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Bail reduction stuns family of abductee

The family of a 4-year-old girl abducted earlier this week sat in stunned silence and tears Friday as a judge reduced bail for the man accused of taking her.

David J. "D.J." Grover, who is charged with the Monday night abduction of Serenity Platts had his bail reduced to $20,000 from $200,000.

"I'm just disgusted that they would drop the bail by that much," said Serenity's mother, Christa Platts.

"We all think he is reckless," added the girl's father, Jason Platts.

Grover's brother, Kevin, said the family would try to post bail.

Grover, 29, of Belmont Avenue, Town of Tonawanda, is accused of taking Serenity from her home without permission from the girl's grandmother, who was baby-sitting her at the time, and driving around with her for four hours.

Police sent out an Amber Alert, and Serenity's disappearance was broadcast by the media and on electronic highway signs across the region.

Grover told police that he had snorted two lines of cocaine in the bathroom of the Platts' home and then just "started driving" when the drugs kicked in, forgetting he had put the girl in the back seat for a "ride around the block," according to police statements.

He dropped Serenity off near her home on Tremont Street early Tuesday morning, about four hours after he had taken her, and was captured by police after a 10-minute chase.

In the special felony hearing held Good Friday, when the court would otherwise be closed, City Judge William R. Lewis heard from Serenity's grandmother, Robin David, about the night of the abduction and from Detective Lt. William Krantz, who questioned Grover after his arrest.

Lewis said he reduced bail because he does not believe Grover is a flight risk. He also ordered that the case remain a felony case and be sent to the grand jury.

An order of protection also was issued, which requires Grover to stay away from the Platts family or face jail.

The Platts expressed concern that might not be enough, considering that they already had told Grover to stay away from their home before he showed up there Monday night.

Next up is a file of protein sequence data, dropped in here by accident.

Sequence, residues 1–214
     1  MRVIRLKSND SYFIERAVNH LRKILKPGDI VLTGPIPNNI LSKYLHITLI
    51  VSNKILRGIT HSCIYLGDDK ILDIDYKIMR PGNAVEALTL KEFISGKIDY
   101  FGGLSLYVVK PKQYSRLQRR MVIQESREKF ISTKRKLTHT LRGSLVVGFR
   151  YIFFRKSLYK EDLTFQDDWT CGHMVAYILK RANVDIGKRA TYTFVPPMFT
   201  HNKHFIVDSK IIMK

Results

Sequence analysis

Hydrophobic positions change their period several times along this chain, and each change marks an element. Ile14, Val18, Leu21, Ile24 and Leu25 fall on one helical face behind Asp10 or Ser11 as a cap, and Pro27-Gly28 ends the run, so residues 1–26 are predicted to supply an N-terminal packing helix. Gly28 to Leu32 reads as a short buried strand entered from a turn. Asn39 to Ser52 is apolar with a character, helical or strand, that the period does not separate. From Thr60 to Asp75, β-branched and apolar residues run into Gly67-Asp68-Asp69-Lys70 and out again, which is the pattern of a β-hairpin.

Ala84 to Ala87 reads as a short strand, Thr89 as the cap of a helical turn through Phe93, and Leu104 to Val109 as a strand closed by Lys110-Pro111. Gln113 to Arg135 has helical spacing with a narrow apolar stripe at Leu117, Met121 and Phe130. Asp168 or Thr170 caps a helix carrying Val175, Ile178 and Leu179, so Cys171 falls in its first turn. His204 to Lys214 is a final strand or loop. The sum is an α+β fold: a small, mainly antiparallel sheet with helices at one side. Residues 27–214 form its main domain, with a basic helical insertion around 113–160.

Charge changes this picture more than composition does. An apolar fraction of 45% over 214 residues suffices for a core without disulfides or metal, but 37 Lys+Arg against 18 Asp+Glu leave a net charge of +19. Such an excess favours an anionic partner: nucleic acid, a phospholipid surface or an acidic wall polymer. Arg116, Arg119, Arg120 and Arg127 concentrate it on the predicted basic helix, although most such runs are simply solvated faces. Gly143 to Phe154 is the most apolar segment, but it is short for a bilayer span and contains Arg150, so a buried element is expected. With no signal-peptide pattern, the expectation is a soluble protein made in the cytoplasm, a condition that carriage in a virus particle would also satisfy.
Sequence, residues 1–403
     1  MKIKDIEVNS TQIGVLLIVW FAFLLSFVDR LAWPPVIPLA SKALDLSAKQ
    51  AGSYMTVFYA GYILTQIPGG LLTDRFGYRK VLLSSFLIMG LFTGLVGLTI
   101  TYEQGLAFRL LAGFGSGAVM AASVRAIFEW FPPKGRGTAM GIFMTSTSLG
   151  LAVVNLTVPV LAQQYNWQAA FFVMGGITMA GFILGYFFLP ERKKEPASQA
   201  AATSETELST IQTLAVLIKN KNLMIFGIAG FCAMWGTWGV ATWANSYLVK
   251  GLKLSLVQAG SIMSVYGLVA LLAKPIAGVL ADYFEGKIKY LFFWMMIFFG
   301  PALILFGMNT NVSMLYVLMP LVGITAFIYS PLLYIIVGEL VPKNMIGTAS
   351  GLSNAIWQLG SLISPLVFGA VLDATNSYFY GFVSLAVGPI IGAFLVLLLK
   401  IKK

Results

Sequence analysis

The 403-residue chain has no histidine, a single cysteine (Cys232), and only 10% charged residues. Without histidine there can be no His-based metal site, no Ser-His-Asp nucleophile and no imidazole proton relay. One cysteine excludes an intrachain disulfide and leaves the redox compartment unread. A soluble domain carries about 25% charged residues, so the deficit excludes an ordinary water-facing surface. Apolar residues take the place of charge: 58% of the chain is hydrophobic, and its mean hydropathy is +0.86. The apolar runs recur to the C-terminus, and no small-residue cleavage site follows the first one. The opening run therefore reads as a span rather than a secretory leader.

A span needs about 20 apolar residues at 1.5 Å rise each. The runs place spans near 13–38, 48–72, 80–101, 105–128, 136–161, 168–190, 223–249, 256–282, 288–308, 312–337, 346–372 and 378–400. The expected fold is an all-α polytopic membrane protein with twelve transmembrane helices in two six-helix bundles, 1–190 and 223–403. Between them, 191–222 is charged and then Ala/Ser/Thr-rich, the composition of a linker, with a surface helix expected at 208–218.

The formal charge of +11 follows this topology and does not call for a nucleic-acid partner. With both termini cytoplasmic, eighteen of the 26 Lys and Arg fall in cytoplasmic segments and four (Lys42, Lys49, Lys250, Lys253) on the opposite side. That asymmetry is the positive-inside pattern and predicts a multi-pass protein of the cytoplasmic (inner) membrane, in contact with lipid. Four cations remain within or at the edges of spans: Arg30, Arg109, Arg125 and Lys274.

Assistant District Attorney Caroline A. Wojataszek said that because of the girl's age, she was incapable of giving consent and that Grover took the girl within minutes of coming into the family's home.

"I'm glad that they sent this to the grand jury, but I'm very, very disappointed with the lowering of bail," Wojataszek said. "[Grover] has a past violent history and he is a danger to the community."

Grover's attorney, Mark D. Grossman, said his client played a bowling game with the girl and spoke with the grandmother. He said it was not a true case of abduction, but more likely a misdemeanor case of unlawful imprisonment.

"He did some things wrong, but it was not a kidnapping," Grossman said. "D.J. [Grover] is a person the girl loved. When you hear the facts of this case, it will show that he did not harm or touch her. He did not intend to commit this serious crime. When we go to trial, [Serenity's] grandmother will be asked more questions. I personally do not believe she is a credible witness and believe that she knew [Serenity] was going for a ride."

Grover's brother agreed, "I do not believe he abducted her," Kevin Grover said.


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